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“It’s surreal right now,” Oklahoma family coping with mother’s death after turnpike crash

OKLAHOMA CITY - An Oklahoma family said they're heartbroken over the untimely death of their mother who was killed in a crash on the Kirkpatrick Turnpike.

Donna Rush, 65, died Tuesday night after authorities with the Oklahoma Highway Patrol said a driver rear-ended her car.

OHP has identified the driver as Arthur Wesley Straehla, III. They said he had an odor of alcohol. No arrests were made.

Rush's daughter, Effie Babcock, told News 4 her mother was driving from Tulsa to her home in El Reno.

"It's surreal right now. I can't imagine life without her, calling or coming to see us," Babcock said. "Our mother was a great mom. She was a hard worker, worked all the time. She instilled that in each one of us children. She struggled, we struggled but we made it."

Babcock said she's disappointed no legal action was taken, considering her mother died on the scene.

"It angers me because, if he [Straehla] was treated and released, why wasn't he arrested?" Babcock said.

According to an initial report from OHP, the driver refused treatment. News 4 stopped by his last listed address to get his side of the story, however no one answered the door.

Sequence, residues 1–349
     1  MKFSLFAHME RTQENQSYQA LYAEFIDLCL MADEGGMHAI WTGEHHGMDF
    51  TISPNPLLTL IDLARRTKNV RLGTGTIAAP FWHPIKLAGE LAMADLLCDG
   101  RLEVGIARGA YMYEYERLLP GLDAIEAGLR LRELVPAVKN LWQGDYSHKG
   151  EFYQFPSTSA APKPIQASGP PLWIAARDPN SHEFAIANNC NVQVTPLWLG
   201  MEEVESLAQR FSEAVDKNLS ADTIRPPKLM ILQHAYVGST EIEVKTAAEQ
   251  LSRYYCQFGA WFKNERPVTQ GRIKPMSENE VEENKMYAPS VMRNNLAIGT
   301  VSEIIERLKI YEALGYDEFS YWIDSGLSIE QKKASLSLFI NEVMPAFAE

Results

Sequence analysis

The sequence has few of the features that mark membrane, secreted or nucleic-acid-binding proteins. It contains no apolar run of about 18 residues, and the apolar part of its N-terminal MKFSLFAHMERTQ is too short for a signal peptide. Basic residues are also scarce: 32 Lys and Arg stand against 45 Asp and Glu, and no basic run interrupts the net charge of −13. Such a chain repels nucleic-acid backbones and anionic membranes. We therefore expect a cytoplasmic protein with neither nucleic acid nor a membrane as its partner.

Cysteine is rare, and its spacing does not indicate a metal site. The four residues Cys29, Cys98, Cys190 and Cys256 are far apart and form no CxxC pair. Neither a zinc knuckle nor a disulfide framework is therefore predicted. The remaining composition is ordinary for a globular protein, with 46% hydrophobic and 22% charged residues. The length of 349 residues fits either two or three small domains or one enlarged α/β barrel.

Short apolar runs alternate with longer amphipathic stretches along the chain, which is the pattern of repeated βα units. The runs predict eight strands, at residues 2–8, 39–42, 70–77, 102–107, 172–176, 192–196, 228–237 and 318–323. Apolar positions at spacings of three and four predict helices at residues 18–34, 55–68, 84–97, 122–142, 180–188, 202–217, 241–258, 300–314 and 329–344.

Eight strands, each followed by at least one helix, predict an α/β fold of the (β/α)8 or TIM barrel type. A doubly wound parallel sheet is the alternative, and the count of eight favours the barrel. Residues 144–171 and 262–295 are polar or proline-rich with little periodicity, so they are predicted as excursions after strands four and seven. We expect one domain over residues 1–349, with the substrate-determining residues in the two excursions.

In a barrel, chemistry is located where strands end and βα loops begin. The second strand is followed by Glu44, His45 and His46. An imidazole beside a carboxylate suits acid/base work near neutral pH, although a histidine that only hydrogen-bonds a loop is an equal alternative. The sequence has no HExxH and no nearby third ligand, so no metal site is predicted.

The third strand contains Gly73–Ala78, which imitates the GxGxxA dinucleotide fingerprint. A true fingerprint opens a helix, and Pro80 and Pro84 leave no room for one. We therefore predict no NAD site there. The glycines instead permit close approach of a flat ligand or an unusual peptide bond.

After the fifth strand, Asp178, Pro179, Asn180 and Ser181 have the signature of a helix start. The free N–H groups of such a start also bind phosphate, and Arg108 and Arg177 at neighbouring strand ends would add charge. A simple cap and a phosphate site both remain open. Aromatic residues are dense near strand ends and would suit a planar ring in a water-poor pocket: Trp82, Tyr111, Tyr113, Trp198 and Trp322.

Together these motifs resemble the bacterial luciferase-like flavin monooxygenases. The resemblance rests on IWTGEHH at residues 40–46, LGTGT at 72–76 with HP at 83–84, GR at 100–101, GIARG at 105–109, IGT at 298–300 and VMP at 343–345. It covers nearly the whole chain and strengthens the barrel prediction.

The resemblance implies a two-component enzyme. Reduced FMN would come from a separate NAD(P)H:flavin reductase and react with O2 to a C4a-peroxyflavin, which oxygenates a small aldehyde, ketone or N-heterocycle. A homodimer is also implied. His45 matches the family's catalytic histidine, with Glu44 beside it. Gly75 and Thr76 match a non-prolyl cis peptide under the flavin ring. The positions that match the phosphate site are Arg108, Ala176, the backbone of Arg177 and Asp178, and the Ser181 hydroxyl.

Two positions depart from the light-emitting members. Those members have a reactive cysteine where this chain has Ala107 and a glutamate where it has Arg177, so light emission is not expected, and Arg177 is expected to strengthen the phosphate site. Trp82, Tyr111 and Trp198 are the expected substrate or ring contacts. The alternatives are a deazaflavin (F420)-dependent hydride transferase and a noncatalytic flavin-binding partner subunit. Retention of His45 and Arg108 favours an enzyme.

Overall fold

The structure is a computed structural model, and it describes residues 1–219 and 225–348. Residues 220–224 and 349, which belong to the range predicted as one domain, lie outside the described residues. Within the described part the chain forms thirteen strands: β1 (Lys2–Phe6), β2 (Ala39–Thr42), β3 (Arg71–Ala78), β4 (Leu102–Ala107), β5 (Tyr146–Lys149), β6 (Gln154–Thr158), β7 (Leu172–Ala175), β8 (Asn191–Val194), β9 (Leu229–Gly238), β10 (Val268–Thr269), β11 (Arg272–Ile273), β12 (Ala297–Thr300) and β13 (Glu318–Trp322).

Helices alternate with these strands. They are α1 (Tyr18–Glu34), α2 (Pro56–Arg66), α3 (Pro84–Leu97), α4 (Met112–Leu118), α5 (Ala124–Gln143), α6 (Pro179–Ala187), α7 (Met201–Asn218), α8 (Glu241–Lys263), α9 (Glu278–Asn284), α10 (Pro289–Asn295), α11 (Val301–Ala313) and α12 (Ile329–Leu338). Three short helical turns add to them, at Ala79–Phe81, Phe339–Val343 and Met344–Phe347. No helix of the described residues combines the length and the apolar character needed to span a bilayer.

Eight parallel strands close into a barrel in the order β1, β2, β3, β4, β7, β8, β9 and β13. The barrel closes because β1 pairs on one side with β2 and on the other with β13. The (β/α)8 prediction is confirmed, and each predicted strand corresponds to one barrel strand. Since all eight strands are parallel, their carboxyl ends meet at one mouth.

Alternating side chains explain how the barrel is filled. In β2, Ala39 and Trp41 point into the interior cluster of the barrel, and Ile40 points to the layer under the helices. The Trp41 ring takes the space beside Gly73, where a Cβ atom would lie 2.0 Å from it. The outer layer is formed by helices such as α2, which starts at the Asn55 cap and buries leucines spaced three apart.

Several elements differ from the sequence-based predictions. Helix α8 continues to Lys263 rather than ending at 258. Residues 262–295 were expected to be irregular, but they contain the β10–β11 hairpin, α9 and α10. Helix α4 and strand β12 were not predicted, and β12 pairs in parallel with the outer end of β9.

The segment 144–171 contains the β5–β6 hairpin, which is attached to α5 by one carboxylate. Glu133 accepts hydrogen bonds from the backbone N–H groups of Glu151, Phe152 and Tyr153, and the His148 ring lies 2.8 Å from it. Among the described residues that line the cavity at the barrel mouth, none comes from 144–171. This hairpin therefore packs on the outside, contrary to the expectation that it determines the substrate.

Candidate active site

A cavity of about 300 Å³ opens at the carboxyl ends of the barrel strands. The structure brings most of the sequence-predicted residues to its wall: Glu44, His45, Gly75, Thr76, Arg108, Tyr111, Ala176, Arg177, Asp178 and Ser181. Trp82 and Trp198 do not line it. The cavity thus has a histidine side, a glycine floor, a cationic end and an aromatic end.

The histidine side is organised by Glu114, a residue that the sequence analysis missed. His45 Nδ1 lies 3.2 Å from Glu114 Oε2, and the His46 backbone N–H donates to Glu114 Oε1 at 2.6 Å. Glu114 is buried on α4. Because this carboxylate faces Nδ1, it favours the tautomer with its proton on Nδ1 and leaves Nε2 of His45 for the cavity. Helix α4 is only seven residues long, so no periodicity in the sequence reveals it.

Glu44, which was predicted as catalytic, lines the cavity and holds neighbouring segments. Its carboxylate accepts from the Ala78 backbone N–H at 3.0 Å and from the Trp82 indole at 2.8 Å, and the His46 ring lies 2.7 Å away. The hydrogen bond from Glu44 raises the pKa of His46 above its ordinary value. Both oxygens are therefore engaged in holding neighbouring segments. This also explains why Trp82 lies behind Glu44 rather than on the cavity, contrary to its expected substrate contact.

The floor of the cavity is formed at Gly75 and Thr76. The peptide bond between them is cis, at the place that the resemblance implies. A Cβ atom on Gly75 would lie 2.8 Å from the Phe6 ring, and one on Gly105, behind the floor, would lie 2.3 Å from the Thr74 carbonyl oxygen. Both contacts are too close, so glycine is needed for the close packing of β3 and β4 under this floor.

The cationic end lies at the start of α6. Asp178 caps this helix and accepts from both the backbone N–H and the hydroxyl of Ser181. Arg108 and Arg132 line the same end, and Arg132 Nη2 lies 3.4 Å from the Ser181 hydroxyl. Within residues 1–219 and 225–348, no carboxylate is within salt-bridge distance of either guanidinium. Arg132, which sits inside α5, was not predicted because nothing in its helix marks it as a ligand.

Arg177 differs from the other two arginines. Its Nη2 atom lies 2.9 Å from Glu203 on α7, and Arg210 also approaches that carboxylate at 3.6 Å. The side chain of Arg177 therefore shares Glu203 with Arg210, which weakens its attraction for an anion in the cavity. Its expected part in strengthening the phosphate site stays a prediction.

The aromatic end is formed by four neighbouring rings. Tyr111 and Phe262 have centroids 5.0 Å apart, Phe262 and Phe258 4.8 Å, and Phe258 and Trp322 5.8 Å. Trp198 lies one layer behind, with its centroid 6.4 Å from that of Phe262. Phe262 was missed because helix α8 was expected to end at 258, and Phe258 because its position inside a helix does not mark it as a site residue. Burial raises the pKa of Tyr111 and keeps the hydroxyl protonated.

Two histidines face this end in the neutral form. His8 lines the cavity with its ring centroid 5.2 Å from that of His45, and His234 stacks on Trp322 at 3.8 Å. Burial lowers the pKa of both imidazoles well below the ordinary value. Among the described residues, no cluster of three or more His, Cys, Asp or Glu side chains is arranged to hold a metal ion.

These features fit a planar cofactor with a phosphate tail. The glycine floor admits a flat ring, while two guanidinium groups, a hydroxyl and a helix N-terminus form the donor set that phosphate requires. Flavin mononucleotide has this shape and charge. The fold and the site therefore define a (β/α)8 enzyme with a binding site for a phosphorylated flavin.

The issue of drinking and driving hits home for Rush's family. Her youngest son, James Reveles, and his brother were taken in by the family in 1990 when they were just 6 and 8 years old.

"My [biological] mother was killed in a vehicular accident alcohol was involved," Reveles told us. "Unfortunately, it was my biological mom and dad that were drinking and driving and we got into an accident. Me and my sibling were in the vehicle, and my mom lost her life."

Moving forward, the family said they are focused on supporting each other and trying to forgive.

"I know that’s tough and that’s hard, but that’s how she would want us to move forward is to control what we can and take care of our families," Reveles said.

News 4 reached out to the OHP multiple times on Wednesday for a comment.

Lt. Kera Phillipe said this was an "unique" situation from the very beginning, as the driver exercised his 5th amendment from the "very beginning". According to Lt. Phillipe, he essentially stayed silent the entire time and refused to consent to a sobriety test. Troopers were able to get a warrant to draw his blood, and results are forthcoming.

Phillipe said they are still waiting for crash data information which should be able to give insight on the speed of both drivers. The investigation into the crash continues.